Despite present-day conditions, Antarctica was not always covered with ice. Approximately 53 million years ago, the continent was a warm, sub-tropical environment and atmospheric CO2 levels exceeded today's by ten times.

But in just 400,000 years – a mere blink of an eye in geologic time –  Antarctica's lush environment transitioned into its modern icy realm. Concentrations of atmospheric carbon dioxide decreased, global temperatures dropped, ice sheets developed and Antarctica became ice-bound.

How did this change happen so abruptly and how stable can we expect ice sheets to be in the future? New ice core data retrieved from the Wilkes Land region of Antarctica may help answer those questions.

Wilkes Land is the region of Antarctica that lies due south of Australia, and is believed to be one of the more climate-sensitive regions of the polar continent.
(photo credit: wikipedia)

The new cores tell the story of Antarctica's transition from an ice-free, warm, greenhouse world to an ice-covered, cold, dry "icehouse" world. Sediments and microfossils preserved within the cores document the onset of cooling and the development of the first Antarctic glaciers and the growth and recession of Antarctica's ice sheets. Cores from one site resemble tree rings – unprecedented alternating bands of light and dark sediment preserve seasonal variability of the last deglaciation that began some 10,000 years ago.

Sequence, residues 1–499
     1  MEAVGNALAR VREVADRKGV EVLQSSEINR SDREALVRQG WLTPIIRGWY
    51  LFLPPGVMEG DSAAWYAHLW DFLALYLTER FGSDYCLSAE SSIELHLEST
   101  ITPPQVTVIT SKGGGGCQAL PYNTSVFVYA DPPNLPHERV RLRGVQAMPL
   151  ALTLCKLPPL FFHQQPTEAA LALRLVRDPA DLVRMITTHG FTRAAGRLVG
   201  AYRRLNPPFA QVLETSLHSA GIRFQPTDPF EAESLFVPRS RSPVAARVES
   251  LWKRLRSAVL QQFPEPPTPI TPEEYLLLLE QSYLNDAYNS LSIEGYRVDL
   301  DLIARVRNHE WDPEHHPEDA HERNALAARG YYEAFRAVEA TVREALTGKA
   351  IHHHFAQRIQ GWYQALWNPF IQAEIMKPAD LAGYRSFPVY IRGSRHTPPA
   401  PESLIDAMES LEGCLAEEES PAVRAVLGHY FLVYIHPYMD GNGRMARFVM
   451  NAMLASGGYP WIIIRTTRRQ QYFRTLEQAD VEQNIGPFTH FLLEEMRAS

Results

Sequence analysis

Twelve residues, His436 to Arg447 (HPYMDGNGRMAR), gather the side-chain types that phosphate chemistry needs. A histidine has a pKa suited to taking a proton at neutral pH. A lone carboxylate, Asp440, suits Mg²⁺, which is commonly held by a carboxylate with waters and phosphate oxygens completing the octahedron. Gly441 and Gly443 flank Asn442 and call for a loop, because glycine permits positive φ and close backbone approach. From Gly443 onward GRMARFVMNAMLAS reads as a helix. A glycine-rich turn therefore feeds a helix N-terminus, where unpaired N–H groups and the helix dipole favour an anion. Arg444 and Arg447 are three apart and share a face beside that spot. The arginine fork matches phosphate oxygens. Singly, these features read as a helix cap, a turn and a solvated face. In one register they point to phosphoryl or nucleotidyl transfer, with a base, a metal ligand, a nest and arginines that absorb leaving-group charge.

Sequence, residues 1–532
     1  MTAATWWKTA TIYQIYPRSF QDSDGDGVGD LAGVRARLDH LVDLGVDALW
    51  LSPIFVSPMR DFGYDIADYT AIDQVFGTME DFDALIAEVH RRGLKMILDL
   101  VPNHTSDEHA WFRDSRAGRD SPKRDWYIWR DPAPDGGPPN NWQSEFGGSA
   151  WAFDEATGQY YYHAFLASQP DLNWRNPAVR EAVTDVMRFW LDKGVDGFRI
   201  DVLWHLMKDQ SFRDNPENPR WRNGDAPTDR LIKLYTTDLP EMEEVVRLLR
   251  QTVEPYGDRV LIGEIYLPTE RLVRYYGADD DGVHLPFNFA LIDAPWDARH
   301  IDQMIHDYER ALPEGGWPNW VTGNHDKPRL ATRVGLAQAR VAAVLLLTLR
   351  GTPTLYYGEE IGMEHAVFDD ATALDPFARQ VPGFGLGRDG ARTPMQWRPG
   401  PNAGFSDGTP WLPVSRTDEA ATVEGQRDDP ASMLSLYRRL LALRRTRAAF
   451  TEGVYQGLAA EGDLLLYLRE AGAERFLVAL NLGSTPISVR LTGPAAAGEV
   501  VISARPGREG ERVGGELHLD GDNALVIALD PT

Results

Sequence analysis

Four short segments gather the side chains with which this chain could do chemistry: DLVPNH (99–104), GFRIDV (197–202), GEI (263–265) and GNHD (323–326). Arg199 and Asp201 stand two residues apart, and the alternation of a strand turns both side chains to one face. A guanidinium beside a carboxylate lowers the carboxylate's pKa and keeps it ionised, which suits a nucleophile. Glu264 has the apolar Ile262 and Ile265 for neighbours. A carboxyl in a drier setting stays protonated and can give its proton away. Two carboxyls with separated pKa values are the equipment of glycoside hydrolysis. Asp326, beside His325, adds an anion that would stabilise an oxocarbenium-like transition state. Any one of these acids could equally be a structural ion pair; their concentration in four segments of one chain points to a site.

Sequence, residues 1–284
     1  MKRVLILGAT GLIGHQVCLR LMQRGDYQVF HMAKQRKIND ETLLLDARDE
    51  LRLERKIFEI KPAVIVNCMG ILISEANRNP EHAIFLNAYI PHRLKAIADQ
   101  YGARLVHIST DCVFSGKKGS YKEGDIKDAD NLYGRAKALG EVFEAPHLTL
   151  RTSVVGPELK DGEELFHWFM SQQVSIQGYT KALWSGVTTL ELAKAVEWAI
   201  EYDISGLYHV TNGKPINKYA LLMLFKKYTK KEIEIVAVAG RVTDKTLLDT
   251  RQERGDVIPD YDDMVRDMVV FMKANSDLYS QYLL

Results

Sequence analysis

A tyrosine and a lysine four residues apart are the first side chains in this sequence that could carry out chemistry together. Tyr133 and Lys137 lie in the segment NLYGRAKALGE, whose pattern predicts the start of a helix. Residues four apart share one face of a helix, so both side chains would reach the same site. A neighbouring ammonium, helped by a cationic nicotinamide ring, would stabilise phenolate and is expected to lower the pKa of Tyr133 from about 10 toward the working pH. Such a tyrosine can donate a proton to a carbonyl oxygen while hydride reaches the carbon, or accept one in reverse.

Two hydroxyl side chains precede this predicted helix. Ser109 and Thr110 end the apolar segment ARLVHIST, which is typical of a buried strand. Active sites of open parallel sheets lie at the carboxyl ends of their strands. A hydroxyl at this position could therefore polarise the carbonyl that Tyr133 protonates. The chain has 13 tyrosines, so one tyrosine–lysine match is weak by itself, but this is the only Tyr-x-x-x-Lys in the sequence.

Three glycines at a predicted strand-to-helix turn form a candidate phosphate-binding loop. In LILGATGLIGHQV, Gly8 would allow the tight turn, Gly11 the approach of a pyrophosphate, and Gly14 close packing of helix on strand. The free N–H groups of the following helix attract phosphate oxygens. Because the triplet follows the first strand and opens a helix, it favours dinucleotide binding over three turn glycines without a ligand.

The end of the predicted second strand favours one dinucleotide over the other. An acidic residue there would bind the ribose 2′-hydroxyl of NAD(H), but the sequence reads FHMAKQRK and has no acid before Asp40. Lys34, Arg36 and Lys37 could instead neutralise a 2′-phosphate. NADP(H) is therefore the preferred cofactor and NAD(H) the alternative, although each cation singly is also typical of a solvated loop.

The new core samples were collected during the Integrated Ocean Drilling Program's "Wilkes Land Glacial History" Expedition. They provide the world's first direct record of waxing and waning of ice in this region of Antarctica.

Understanding the behavior of Antarctica's ice sheets plays a fundamental role in the development of robust, effective global climate models. "These models rely on constraints imposed by data from the field," the researchers explained. "Measurements of parameters such as age, temperature, and carbon dioxide concentration provide invaluable inputs that help increase the accuracy of these models. The more we can constrain the models, the better they'll perform – and the better we can predict ice sheet behavior."